Ariadne Crete Daedalus labyrinth Laura Perry Minos minotaur Modern Minoan Paganism moon Snake Goddess Spotlight on Tradition

Spotlight on Tradition: an Introduction to Minoan Paganism

Editor’s observe: As we speak we now have a guest column from Laura Perry, founder and facilitator of Trendy Minoan Paganism. This overview of the tradition is part of an occasional collection right here at The Wild Hunt, where we’ve invited comparable introductions from the Gaulish Polytheist revival and the Lokean group. We might love to spotlight more lesser-known Pagan traditions – please think about pitching a column on your tradition by way of the Contact Us hyperlink at the prime of the page.

Step outdoors on a transparent night time and locate the constellation Orion; it appears like an enormous labrys tilted across the sky. Turn your face up to the celebs, arch your again, and press the again of your loosely-curled fist to your brow. This is the Minoan salute, and you’re honoring the labrys and the goddess to whom it belongs: Ariadne. You’re working towards Trendy Minoan Paganism.

Copy of the “Ladies in Blue Fresco,” as restored by Émile Gilliéron fils, 1927 [public domain].

As I write this, I look excessive of my laptop display to see a replica of the Blue Women fresco from Knossos on my wall. The smoke from saffron and labdanum incense wafts round me, and for a second, I think about myself in historic Crete, kneeling earlier than an altar in my residence: a shrine to the Snake Goddess, or perhaps the sea-goddess Posidaeja, or the Minotaur.

I’m not in historic Crete, although. I’m in the trendy world, a 21st century Pagan who feels a connection with the religion and tradition of the Minoans, who flourished on the Mediterranean island of Crete four millennia ago. And I’m not alone. But there was a time once I thought I used to be.

It’s an previous joke within the Pagan group, that when someone can’t discover the resource they’re in search of, they’ve to exit and create it for themselves. Many people have carried out precisely that. Once I set out looking for a Pagan group that shared my reference to the Minoans, the few options I discovered weren’t open to me. For 25 years or so, I did my thing alone.

Then someday I made a decision to courageous the waters of the web world and set up a Fb group for individuals of all stripes who felt referred to as to the Minoan gods and goddesses. I assumed I’d get fortunate and find a handful of other people who shared my interests. I used to be shocked to uncover that there are various people who feel a profound reference to the Minoan pantheon and the culture of historic Crete. Thus, Trendy Minoan Paganism was born.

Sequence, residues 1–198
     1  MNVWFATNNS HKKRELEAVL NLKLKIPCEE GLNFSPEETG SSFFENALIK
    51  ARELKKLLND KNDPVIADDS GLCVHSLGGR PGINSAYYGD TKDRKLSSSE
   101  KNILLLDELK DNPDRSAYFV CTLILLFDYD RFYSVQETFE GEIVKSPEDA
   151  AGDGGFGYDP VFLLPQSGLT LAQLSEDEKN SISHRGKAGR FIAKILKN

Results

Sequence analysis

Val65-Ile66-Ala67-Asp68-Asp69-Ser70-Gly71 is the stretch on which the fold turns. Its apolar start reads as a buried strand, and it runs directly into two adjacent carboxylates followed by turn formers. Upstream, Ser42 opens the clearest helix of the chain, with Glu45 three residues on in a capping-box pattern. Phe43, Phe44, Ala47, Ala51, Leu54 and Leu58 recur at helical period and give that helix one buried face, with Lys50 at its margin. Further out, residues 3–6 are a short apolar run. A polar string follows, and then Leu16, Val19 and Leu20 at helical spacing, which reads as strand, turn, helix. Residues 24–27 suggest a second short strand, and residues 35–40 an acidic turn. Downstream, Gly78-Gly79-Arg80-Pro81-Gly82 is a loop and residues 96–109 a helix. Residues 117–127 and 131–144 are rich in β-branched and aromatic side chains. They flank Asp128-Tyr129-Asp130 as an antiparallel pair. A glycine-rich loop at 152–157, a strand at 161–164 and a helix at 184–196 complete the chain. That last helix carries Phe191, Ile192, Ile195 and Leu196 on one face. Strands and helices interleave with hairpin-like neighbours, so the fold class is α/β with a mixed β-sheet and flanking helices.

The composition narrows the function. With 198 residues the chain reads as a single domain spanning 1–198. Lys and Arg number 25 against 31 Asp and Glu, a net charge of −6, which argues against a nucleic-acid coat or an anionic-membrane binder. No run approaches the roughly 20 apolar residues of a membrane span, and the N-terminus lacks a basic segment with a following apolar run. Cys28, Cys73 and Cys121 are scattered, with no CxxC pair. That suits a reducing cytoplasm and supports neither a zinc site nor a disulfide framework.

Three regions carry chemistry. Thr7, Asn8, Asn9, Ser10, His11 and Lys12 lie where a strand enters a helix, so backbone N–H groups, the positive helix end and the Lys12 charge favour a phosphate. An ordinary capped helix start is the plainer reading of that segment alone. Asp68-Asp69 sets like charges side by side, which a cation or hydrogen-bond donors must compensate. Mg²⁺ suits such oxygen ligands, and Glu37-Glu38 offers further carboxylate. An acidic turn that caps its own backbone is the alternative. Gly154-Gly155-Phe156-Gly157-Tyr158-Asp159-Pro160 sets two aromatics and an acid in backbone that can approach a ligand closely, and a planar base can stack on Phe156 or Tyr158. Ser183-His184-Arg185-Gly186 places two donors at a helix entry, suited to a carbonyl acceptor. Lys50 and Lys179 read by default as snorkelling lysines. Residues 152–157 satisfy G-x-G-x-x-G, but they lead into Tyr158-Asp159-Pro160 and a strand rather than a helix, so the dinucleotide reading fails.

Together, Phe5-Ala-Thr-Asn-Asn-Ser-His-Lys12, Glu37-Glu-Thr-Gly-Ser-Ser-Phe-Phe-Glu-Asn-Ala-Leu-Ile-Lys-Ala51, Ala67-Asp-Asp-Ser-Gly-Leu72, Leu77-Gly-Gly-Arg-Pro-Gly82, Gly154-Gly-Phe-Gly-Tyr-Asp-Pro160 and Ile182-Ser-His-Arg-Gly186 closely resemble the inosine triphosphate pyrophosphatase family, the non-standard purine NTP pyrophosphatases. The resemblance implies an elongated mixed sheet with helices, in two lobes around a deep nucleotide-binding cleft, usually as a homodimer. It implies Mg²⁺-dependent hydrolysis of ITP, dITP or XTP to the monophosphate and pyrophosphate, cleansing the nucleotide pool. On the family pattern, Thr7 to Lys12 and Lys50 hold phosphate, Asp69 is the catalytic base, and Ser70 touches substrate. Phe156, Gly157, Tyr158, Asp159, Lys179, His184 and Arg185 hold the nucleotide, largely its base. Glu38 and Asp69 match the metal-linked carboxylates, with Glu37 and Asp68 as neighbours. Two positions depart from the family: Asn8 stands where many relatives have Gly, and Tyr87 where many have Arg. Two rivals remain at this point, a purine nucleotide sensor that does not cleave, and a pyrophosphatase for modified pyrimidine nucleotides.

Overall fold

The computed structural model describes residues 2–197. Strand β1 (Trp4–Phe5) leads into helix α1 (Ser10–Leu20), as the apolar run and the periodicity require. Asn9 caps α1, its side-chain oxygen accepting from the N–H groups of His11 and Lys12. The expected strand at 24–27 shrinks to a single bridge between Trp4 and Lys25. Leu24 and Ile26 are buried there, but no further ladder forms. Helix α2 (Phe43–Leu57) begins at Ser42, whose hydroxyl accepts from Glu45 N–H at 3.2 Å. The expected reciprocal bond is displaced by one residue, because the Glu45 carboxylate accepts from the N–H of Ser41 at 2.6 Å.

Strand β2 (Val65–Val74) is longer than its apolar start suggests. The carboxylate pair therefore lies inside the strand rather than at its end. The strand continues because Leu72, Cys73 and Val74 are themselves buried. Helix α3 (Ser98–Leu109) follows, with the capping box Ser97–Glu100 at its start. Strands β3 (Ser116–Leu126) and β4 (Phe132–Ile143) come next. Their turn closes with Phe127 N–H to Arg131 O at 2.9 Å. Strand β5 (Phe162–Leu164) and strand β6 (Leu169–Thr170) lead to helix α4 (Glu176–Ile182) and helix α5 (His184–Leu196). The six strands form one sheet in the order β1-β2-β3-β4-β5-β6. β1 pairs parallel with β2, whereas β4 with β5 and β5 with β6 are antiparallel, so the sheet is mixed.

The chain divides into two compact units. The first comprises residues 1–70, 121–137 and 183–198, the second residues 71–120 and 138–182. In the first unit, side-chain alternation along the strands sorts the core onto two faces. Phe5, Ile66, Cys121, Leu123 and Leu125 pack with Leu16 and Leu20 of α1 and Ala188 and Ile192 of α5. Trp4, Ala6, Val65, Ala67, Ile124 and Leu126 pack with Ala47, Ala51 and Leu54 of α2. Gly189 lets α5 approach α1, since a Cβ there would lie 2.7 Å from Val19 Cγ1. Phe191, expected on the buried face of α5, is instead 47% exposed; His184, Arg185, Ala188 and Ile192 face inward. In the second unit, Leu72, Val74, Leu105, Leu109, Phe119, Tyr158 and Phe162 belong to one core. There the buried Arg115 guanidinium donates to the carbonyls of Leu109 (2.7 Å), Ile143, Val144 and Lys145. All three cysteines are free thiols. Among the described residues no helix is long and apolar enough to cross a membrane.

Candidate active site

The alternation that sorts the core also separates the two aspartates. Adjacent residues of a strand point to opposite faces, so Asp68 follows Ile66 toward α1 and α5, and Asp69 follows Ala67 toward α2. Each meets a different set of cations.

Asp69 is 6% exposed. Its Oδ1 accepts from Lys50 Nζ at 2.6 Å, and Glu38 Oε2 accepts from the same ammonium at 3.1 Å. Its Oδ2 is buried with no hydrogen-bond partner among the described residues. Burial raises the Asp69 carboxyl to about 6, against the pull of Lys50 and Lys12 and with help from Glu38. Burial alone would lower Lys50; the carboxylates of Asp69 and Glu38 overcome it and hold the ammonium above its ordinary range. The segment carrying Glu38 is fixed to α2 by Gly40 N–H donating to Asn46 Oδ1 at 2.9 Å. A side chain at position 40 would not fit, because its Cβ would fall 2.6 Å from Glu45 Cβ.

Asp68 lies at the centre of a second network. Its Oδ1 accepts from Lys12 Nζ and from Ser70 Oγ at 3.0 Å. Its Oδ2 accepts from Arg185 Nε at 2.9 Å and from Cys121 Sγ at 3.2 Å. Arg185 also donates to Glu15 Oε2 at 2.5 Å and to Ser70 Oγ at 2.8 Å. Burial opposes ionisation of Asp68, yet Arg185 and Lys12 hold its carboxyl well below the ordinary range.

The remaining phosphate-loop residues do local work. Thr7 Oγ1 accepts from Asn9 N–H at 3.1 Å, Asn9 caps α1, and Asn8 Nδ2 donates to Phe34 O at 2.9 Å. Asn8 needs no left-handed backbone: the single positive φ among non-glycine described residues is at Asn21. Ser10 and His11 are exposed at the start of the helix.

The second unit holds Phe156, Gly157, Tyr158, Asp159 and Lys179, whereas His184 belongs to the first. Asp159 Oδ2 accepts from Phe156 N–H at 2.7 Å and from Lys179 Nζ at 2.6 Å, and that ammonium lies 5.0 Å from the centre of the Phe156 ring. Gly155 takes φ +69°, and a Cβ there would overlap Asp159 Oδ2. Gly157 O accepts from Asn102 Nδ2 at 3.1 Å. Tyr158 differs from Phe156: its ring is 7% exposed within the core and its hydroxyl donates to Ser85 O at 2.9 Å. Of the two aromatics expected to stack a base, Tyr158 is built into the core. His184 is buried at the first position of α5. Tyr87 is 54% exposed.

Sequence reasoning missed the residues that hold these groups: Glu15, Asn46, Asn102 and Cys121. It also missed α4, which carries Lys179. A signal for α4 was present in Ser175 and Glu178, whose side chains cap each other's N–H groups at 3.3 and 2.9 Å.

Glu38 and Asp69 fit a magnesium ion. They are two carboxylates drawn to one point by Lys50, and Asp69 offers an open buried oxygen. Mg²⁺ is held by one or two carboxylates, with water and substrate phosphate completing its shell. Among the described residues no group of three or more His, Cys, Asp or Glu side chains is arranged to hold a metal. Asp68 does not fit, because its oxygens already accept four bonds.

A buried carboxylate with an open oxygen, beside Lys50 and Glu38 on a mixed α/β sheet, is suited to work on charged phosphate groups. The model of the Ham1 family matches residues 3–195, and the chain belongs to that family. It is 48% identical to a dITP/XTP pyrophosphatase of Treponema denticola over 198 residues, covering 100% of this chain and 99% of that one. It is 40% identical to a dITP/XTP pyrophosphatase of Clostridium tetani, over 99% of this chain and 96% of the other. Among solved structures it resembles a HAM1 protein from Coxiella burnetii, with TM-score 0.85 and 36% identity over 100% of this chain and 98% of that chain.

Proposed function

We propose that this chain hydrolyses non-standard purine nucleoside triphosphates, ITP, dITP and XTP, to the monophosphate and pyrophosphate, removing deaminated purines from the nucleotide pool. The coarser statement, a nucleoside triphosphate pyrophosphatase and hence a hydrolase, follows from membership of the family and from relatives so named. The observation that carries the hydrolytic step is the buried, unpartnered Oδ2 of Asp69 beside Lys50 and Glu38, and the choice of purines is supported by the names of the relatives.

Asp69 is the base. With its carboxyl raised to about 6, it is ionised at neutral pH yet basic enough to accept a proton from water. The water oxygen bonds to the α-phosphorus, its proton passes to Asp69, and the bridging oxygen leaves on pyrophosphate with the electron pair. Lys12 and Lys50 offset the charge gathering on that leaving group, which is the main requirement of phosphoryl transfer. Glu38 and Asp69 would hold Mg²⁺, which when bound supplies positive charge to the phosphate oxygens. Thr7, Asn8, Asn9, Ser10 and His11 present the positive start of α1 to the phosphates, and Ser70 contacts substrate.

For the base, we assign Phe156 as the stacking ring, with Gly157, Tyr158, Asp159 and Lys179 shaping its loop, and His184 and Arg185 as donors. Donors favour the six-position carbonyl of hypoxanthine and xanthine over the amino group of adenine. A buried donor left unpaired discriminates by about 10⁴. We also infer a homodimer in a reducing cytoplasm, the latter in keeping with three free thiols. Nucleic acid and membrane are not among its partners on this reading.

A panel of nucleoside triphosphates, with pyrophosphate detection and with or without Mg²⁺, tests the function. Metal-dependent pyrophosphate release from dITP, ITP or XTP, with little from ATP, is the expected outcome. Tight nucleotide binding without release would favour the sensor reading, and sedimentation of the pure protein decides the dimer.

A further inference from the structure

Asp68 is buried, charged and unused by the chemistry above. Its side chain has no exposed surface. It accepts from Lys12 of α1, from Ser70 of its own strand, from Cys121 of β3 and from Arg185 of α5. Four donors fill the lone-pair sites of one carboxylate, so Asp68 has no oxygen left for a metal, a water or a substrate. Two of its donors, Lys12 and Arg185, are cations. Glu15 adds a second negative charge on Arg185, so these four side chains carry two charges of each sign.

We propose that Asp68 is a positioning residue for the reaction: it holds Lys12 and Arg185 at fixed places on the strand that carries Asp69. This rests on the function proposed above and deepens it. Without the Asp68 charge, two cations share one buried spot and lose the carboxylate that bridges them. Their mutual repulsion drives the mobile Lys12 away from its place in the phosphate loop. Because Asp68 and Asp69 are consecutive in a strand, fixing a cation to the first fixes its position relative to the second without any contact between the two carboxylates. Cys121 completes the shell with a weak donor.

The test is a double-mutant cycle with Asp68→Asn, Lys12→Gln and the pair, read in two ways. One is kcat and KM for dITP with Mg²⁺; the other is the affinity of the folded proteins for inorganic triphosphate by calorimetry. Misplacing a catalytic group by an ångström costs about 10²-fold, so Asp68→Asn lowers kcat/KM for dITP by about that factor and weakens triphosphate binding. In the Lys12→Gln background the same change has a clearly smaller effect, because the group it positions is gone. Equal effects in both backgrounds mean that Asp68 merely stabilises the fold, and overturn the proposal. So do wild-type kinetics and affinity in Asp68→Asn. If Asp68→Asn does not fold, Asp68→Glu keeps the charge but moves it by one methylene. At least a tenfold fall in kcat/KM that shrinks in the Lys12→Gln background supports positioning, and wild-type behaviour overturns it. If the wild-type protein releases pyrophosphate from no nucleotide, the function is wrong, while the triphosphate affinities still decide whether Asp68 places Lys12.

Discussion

This can be a thing we’ve constructed together, the thousand-plus members of the web group and some small clusters of people all over the world who’re lucky sufficient to find a way to meet in actual life. We’ve developed a pantheon, a sacred calendar, and a set of practices that we all share. It’s been a collective effort with lots of trial and error, and it’s an ongoing process: turning into as well as being.

Ariadne and the Labyrinth [L. Perry]

Trendy Minoan Paganism is just not a reconstructionist custom. We will’t read Linear A, the script the Minoans used to write their native language. What we do have is Linear B, the script that was adapted from Linear A to write the Mycenaean (early Greek) language. A few of the Linear B tablets report offerings introduced to the temple at Knossos in very late Minoan occasions, when the Mycenaeans have been occupying the place.

We also have fragments of Minoan fantasy, garbled and perhaps even purposely changed by way of retelling by the later Greeks. And we’ve got archaeology: the ruins of Minoan temples, cities, villas, peak sanctuaries, cave shrines, and artifacts from all these locations, including ritual ware and votive figurines.

From these bits and items we will make educated guesses about how the Minoans practiced their faith, but we will’t really know for certain. We’re not recreating historic Minoan spirituality, however creating one thing new that harkens back to the Bronze Age. In that context, we rely to some extent on shared personal gnosis, in addition to the sensible issues of what works and is suitable in trendy Pagan follow. (We’ve chosen to skip the animal sacrifice, as an example.) We’re a revivalist tradition, if you will: trendy Pagans connecting with historic deities within the 21st century world.

Who are these deities? Most Pagans are in all probability already acquainted with lots of them. Let’s begin with the Three, the mother goddesses who symbolize the three sacred realms of land, sea, and sky:

  • Rhea: the Minoan Earth mother goddess, the island of Crete in divine type.
  • Posidaeja: the sea-goddess, Grandmother Ocean, out of whom the land rises.
  • Therasia: goddess of the Solar, hearth, and the sky.

As for the rest of the pantheon:

  • Ourania: the cosmic or common goddess, Mother-of-Darkness-and-Stars.
  • Ariadne: Woman of the Labyrinth, psychopomp and goddess of healing and progress.